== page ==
The Malta FA will be the 8th out of 53 member associations within UEFA to implement the use of additional assistant referees in its matches, starting from this year’s FA Trophy Semi-Finals and Final.
Italy was the first country to use additional assistant referees in its Serie A and Super Cup Final, followed by Turkey and Romania in their Super Cup Finals, Bosnia Herzegovina, Slovakia and Belgium in top league matches and France in the second part of the National Cup.
Photos: Copyright © domenic aquilina / MFA
A seminar was held last week at the Referees’ Department Conference Hall for match officials and referee observers in the Elite and First Categories. This was conducted by Dutch Instructor Ed Janssen, assisted by Malta FA Director of Refereeing Adrian Casha.
Besides the theoretical part of the AAR training given, referees and assistant referees were appointed for youth league matches to experiment with the use of “an extra two pairs of eyes”. In these matches AARs were found very useful to assist the referees in body contacts in the penalty area and in goal or no goal situations.
Special communication equipment was made available by UEFA and bought by the Malta FA to be used by the refereeing teams consisting of 6 members – 3 referees (the main referee and 2 additional assistant referees) and 3 assistant referees (2 assistant referees and 1 taking the role of the 4th Official).
Adrian Casha, Director of Refereeing at the Malta FA, stated that: “this is an exciting new project intended to deliver better decisions, especially regarding crucial situations in and around the penalty area and in offside situations. The AAR system will enable assistant referees to focus much more on judging offside correctly. With the use of AARs in EURO 2012, accurate offside decisions went up to 95.9%. The extra two pairs of eyes will also enable a much better judgement of whether a ball crosses the goal line or not.”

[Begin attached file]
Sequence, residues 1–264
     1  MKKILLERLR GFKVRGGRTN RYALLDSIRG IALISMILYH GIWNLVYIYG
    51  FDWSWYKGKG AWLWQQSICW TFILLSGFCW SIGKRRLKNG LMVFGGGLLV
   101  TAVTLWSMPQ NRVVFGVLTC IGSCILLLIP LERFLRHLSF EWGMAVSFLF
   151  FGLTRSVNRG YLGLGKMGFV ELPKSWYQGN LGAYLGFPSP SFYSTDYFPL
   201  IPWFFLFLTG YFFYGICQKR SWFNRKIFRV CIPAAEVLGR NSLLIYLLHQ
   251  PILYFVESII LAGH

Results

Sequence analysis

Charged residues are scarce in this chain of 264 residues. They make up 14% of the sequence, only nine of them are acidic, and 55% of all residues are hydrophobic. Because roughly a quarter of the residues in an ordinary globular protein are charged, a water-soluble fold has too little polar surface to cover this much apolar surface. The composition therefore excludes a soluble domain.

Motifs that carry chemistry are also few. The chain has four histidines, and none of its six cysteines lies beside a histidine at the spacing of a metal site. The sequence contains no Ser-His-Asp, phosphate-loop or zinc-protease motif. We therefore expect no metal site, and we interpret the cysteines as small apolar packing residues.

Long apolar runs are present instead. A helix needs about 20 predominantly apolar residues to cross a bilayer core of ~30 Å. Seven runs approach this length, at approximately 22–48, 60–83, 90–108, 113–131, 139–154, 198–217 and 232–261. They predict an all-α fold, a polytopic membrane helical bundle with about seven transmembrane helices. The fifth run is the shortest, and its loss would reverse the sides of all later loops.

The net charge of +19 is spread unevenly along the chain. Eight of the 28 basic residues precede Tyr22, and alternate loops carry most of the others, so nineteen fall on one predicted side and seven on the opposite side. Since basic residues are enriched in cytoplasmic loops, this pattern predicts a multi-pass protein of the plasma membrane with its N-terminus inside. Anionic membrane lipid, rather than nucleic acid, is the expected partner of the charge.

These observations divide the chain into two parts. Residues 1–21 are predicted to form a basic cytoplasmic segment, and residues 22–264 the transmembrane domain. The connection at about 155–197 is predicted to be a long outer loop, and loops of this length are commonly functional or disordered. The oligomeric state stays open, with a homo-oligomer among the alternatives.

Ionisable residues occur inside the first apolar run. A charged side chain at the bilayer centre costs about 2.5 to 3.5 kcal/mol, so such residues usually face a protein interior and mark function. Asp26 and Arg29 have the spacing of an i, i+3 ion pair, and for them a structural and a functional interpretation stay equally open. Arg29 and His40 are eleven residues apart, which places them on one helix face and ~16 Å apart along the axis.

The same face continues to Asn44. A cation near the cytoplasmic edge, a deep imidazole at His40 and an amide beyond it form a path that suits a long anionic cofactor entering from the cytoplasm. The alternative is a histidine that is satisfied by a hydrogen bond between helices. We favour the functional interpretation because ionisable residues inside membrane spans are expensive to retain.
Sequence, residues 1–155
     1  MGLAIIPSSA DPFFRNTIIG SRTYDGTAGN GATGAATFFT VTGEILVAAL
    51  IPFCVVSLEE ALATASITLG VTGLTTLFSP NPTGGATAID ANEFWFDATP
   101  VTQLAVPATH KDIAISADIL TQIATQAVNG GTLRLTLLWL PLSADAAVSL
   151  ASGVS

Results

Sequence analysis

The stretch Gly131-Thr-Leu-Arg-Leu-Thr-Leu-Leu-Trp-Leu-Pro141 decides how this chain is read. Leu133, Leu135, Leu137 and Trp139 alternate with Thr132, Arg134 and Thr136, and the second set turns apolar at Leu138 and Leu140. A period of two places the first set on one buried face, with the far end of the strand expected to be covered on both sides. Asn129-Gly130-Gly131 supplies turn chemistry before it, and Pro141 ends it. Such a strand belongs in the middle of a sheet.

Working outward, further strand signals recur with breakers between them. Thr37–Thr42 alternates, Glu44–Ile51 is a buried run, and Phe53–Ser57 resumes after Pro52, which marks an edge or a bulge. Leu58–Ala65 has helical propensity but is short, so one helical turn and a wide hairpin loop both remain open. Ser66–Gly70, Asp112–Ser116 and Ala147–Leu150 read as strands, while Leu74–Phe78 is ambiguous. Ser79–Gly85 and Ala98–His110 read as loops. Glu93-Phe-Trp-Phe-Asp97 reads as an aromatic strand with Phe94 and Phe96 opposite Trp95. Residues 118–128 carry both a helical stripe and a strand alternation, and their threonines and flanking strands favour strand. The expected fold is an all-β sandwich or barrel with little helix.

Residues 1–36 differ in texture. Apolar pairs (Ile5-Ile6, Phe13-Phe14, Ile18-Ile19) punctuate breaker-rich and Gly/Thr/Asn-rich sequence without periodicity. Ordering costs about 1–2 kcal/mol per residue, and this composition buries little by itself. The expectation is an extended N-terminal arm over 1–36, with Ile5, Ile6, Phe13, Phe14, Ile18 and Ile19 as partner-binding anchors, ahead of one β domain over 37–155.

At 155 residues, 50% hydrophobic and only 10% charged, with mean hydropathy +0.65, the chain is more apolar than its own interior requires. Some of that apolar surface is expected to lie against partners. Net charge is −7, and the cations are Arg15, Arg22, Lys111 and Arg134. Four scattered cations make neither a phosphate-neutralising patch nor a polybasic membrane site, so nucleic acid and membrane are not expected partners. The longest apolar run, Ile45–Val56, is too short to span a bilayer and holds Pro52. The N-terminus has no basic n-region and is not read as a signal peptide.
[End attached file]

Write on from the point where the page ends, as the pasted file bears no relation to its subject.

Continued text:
“Last week the Maltese referees and assistant referees surpassed my expectations in the excellent way they reacted towards the implementation of AARs in local football. All our match officials reacted positively, because the extra pair of eyes of the AARs have convinced them that this can deliver better control of the match, and the referees are getting extra information to help them make a correct decision.”
“The AAR system is no longer an experiment because the International Football Association Board (IFAB) have given the green light to add an extra pair of eyes near to each penalty area – to support the referee, to identify infringements, to reduce match-changing errors and to deter players from committing infringements.”
While assisting Belgium in their launch of the AAR System in January 2013, UEFA Chief Refereeing Officer Pierluigi Collina stated that “the main goal of the AAR system is to support the central referee when an important decision in or around the penalty area has to be taken. What was achieved so far in more than 1,200 matches is a better control of the match, a reduction of incidents at corners and free-kicks, a better control of the goal line, and improved accuracy in the offside decisions taken by the assistant referee.”
In his conclusion, Adrian Casha stated that “one has to understand that the implementation of additional assistant referees is not a guarantee for referees’ errors to be reduced to zero, however the objective of giving a better service to teams with more accurate decisions can be reached through efficient teamwork between the members of the refereeing team. We still have one referee not two or three, but this one referee has more vision and more information about an incident, that can be seen from a closer and different angle by his AAR.”